Take Australia’s oldest state, New South Wales, which has a huge choice of activities alone. Within Sydney itself clients can embark on the Harbour Bridge Climb, join a dinner cruise from Circular Quay, take surf lessons on Bondi Beach, visit Taronga Zoo, tour the Sydney Opera House (overnight camping stays in the iconic building are now available) or head out to the stunning Blue Mountains on a day trip.
Elsewhere in the state, top activities to suggest include wine-tasting tours of the Hunter Valley, dolphin-watching cruises from Port Stephens or simply taking the time to unwind on the miles of sandy beaches around Byron Bay. Scuba diving, hiking, skydiving and even skiing (July and August are the peak times for downhill action) are among the countless other options on offer in New South Wales. The state is also drawing attention due to its booming food and drink scene.
My Tasmania experience
I have no idea what time it is, and I couldn’t care less. I’m midway through a six-day hike along Tasmania’s fabled Overland Track, a 40-mile wilderness trail through the island’s impossibly beautiful Cradle Mountain-Lake St Clair National Park.
Sharp dolerite peaks tower on all sides; mobile reception evaporated an hour after I set off – and that was three days ago. I haven’t so much as glanced at a watch, clock or phone ever since. The escape feels exquisite.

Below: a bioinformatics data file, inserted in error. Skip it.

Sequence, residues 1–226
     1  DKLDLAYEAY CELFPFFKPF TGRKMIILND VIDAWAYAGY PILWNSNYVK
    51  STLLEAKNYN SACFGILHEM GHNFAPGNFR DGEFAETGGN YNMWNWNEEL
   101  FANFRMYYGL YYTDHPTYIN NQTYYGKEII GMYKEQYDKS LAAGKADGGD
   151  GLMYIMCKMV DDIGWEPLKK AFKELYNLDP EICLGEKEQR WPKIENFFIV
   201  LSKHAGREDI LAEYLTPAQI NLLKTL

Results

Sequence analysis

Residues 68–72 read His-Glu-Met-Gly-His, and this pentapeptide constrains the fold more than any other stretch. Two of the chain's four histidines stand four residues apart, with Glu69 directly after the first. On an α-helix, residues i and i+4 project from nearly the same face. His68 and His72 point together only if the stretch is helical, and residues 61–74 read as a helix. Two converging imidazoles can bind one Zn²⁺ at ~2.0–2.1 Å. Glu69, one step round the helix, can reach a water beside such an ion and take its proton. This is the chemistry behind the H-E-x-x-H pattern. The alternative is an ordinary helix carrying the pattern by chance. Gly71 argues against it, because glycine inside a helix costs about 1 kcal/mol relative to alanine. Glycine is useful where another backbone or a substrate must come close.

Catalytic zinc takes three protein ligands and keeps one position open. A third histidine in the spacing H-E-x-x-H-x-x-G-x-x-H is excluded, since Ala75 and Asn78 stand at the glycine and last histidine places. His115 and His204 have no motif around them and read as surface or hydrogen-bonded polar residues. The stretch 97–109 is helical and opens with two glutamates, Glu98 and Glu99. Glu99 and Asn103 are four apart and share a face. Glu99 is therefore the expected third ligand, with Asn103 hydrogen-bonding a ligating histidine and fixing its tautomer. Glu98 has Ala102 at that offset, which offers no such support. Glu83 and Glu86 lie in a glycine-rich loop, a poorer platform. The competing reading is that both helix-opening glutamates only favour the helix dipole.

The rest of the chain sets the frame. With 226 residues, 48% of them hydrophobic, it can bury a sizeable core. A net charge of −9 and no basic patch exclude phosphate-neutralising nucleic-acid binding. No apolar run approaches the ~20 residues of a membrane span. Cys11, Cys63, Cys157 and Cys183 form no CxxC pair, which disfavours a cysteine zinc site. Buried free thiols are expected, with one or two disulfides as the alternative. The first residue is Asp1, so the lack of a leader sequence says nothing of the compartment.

Australia has no shortage of epic walks, but this multi-day yomp through jagged mountains and temperate rainforests is up there with the best of them.
What’s more, I’m making the walk with an outfit called Cradle Mountain Huts, which lays on nightly accommodation in comfortable private huts, complete with cooked meals and hot showers. Call me soft, but it’s a mighty fine alternative to lugging a tent along the trail.
Tasmanians are fond of referring to mainland Australia, tongue-in-cheek, as ‘the North Island’”. Spending time here, it’s easy to see why they’re such a self-confident lot. The air is fresh, the views are dramatic and the sparkling wine is world class. It’s a fantastic all-round destination, particularly where adventure is concerned.
On the sixth day I arrive at journey’s end, on the shores of Lake St Clair. I am weary but utterly elated. I cast an eye back behind me at the alpine plateaus and hill passes. Then for the first time in almost a week, I hear a phone beep. It’s a bittersweet moment.
What the experts say
“This a great year to be heading Down Under. We’ve got the Ashes cricket coming up, which will be enormous. We’ll be partnering with Qantas to run some promotional activity in the market – and we also think that a lot of people going to New Zealand for the Lions rugby tour (in June) will think about pre- and post-touring in Australia.
“And 300 days of sunshine is also a pretty compelling reason to visit Australia! And then there’s our world-class beauty and iconic experiences.